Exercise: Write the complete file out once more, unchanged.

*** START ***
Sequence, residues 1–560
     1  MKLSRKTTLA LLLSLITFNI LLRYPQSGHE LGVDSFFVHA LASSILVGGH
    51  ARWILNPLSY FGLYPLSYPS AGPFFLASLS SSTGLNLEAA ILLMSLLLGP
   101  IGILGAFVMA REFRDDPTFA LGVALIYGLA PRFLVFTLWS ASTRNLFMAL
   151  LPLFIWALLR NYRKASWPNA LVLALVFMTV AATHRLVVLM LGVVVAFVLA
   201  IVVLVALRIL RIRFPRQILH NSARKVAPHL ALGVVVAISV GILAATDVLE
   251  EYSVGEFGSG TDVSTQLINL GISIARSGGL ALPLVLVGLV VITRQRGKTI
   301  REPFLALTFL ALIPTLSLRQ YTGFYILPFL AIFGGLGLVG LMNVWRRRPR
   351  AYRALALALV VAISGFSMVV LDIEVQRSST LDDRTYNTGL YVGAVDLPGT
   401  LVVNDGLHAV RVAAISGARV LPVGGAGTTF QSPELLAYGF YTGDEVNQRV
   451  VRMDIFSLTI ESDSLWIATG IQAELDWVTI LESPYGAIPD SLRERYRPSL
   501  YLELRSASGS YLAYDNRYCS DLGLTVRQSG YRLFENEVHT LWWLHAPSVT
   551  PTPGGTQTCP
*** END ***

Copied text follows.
Sequence, residues 1–560
     1  MKLSRKTTLA LLLSLITFNI LLRYPQSGHE LGVDSFFVHA LASSILVGGH
    51  ARWILNPLSY FGLYPLSYPS AGPFFLASLS SSTGLNLEAA ILLMSLLLGP
   101  IGILGAFVMA REFRDDPTFA LGVALIYGLA PRFLVFTLWS ASTRNLFMAL
   151  LPLFIWALLR NYRKASWPNA LVLALVFMTV AATHRLVVLM LGVVVAFVLA
   201  IVVLVALRIL RIRFPRQILH NSARKVAPHL ALGVVVAISV GILAATDVLE
   251  EYSVGEFGSG TDVSTQLINL GISIARSGGL ALPLVLVGLV VITRQRGKTI
   301  REPFLALTFL ALIPTLSLRQ YTGFYILPFL AIFGGLGLVG LMNVWRRRPR
   351  AYRALALALV VAISGFSMVV LDIEVQRSST LDDRTYNTGL YVGAVDLPGT
   401  LVVNDGLHAV RVAAISGARV LPVGGAGTTF QSPELLAYGF YTGDEVNQRV
   451  VRMDIFSLTI ESDSLWIATG IQAELDWVTI LESPYGAIPD SLRERYRPSL
   501  YLELRSASGS YLAYDNRYCS DLGLTVRQSG YRLFENEVHT LWWLHAPSVT
   551  PTPGGTQTCP